by Randolph T. Holhut
American Reporter Correspondent
May 15, 2014
VERMONT TAKES THE LEAD ON GMO LABELING
DUMMERSTON, Vt. -- In recent years, Vermont has been more than willing to stick its neck out on big issues, ranging from same-sex marriage to challenging federal authority over nuclear power plants, to campaign finance laws and to committing to the creation of a single-payer health care system.
It is in this spirit of challenging the status quo that Vermont last week became the first state to enact a law mandating the labeling of genetically modified food, or GMOs.
While Connecticut and Maine have already passed GMO labeling laws, both states included clauses in their bills that require a certain number of states to enact similar laws before they will take effect.
Vermont's law has no trigger clause. It also prohibits any food that contains GMO ingredients from being labeled as "natural."
More than 60 countries already have laws that either restrict the production of GMO foods or requires them to be labeled. More than two dozen U.S. states are considering similar laws.
But standing in the way are agribusiness behemoths such as Monsanto and lobbying groups such as the Grocery Manufacturers Association (GMA) and the Biotechnology Industry Organization (BIO).
Given that most commodity crops grown in the U.S. are genetically modified and that the majority of processed food sold in U.S. supermarkets contain GMOs, these forces are ready to go to court to challenge this bill.
And sure enough, the day after the Vermont bill was signed, the GMA announced its intention to sue Vermont.
Calling the law "critically flawed and not in the best interests of consumers," the GMA maintains that government "has no compelling interest in warning consumers about foods containing GM ingredients, making this law's legality suspect at best."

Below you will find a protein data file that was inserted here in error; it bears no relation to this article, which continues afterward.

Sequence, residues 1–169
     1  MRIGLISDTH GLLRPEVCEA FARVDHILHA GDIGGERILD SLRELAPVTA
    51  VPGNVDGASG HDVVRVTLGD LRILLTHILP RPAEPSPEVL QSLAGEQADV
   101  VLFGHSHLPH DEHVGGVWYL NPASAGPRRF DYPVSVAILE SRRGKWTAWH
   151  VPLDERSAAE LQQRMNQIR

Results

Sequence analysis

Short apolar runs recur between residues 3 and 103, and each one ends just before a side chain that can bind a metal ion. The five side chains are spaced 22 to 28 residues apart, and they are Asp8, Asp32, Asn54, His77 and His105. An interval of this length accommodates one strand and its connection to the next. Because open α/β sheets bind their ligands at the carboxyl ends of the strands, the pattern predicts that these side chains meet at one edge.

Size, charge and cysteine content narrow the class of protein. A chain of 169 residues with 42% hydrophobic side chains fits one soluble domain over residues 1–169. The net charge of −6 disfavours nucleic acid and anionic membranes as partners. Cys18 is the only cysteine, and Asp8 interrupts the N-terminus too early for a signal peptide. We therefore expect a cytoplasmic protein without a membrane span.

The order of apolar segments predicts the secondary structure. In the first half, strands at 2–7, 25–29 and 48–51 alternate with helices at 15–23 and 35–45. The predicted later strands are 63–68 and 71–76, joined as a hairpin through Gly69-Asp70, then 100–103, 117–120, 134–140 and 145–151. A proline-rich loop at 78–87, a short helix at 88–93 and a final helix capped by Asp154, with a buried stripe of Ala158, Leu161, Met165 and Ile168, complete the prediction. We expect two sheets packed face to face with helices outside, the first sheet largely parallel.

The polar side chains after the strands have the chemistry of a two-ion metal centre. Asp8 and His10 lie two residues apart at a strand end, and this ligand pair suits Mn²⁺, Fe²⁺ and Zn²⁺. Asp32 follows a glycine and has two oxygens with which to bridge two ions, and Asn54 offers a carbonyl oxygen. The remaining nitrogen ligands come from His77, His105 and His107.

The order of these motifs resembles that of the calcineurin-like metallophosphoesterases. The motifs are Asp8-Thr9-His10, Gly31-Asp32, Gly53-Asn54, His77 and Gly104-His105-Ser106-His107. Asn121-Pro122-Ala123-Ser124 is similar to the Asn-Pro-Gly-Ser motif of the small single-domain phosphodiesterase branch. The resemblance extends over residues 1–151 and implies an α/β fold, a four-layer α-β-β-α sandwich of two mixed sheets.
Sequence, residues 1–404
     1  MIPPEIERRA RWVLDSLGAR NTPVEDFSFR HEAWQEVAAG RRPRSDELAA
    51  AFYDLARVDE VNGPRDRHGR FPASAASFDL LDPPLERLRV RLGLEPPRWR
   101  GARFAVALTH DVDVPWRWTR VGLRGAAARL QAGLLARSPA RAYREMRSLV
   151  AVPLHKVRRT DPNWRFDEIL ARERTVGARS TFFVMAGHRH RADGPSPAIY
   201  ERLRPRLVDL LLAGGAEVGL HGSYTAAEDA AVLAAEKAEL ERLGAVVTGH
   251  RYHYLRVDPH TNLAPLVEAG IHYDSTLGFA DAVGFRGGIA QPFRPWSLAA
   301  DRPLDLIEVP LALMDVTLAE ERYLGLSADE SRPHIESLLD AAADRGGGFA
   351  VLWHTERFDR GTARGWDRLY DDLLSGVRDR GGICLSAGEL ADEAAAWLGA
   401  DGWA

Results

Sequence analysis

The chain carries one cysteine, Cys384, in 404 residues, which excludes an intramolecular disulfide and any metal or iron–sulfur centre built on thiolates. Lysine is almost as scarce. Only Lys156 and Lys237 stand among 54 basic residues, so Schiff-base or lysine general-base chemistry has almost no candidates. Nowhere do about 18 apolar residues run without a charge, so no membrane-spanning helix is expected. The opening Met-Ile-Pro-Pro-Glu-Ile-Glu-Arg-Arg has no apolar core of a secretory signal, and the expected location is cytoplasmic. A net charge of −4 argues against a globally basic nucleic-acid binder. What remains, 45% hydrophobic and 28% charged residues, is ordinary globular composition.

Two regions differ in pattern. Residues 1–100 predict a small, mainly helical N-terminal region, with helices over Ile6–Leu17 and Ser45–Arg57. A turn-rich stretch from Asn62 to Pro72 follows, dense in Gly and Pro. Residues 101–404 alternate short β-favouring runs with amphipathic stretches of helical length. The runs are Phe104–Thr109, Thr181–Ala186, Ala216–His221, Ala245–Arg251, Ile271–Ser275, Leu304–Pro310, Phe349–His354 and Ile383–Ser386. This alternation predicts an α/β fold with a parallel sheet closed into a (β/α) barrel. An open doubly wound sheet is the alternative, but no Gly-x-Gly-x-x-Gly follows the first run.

BIO hasn't announced its intentions to sue Vermont, but they claim the labeling law will cost the average household about $400 more for groceries annually.
The state Legislature anticipated this, and started up what they call the Vermont Food Fight Fund to raise money to help cover the legal costs of defending this bill.
But the industrial food complex has a right to be scared. Even though there is no scientific consensus whether genetically modified foods are safe for human consumption, in countries where GMO labeling laws are in effect, consumers avoid buying GMO foods. Given a choice, consumers in the United States will do the same.
However, Vermont's GMO labeling law is not just about letting consumers know what's in their food. It's about standing up for the small farmers in this state.
Agriculture is a big part of the Vermont economy, and in particular for value-added products from cheese to fruit preserves to maple syrup. The Vermont name is synonymous with pure, wholesome and delicious food, and commands a premium in the market.
Today's farms in Vermont are small, diversified, and innovative. They are well-positioned to take a leadership role in creating a new agricultural model to meet the challenges of climate change, peak oil, and globalization.
This is why Vermont is talking a leadership role on GMOs. Washington won't regulate GMOs, and the agricultural-industrial complex will do everything it can to stop regulation of GMOs. So, it's up to the state to do it, and Vermont is more than happy to take the point.
AR's Chief of Correspondents, Randolph T. Holhut, holds an M.P.A. from the Kennedy School of Government at Harvard University and has been an award-winning journalist in New England for more than 30 years. He edited "The George Seldes Reader" (Barricade Books). He can be reached at email@example.com.